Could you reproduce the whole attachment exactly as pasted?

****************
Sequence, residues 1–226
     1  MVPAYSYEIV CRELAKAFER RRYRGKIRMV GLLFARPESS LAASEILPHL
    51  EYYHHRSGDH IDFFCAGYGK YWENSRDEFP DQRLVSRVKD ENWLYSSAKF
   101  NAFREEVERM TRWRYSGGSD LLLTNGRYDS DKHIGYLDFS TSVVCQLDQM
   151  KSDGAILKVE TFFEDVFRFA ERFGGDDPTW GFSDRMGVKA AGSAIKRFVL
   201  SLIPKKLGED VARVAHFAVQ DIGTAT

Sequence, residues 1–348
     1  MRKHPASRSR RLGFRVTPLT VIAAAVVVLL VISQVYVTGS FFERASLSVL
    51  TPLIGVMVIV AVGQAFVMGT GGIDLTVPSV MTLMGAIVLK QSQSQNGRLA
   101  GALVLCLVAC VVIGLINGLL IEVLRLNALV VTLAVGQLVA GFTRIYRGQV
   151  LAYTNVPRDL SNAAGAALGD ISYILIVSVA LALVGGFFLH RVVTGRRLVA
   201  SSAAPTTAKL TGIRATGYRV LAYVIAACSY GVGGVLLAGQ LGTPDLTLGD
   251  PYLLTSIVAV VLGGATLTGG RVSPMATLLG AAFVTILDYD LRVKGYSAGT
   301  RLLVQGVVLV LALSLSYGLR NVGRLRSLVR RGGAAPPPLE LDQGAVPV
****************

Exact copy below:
Sequence, residues 1–226
     1  MVPAYSYEIV CRELAKAFER RRYRGKIRMV GLLFARPESS LAASEILPHL
    51  EYYHHRSGDH IDFFCAGYGK YWENSRDEFP DQRLVSRVKD ENWLYSSAKF
   101  NAFREEVERM TRWRYSGGSD LLLTNGRYDS DKHIGYLDFS TSVVCQLDQM
   151  KSDGAILKVE TFFEDVFRFA ERFGGDDPTW GFSDRMGVKA AGSAIKRFVL
   201  SLIPKKLGED VARVAHFAVQ DIGTAT

Sequence, residues 1–348
     1  MRKHPASRSR RLGFRVTPLT VIAAAVVVLL VISQVYVTGS FFERASLSVL
    51  TPLIGVMVIV AVGQAFVMGT GGIDLTVPSV MTLMGAIVLK QSQSQNGRLA
   101  GALVLCLVAC VVIGLINGLL IEVLRLNALV VTLAVGQLVA GFTRIYRGQV
   151  LAYTNVPRDL SNAAGAALGD ISYILIVSVA LALVGGFFLH RVVTGRRLVA
   201  SSAAPTTAKL TGIRATGYRV LAYVIAACSY GVGGVLLAGQ LGTPDLTLGD
   251  PYLLTSIVAV VLGGATLTGG RVSPMATLLG AAFVTILDYD LRVKGYSAGT
   301  RLLVQGVVLV LALSLSYGLR NVGRLRSLVR RGGAAPPPLE LDQGAVPV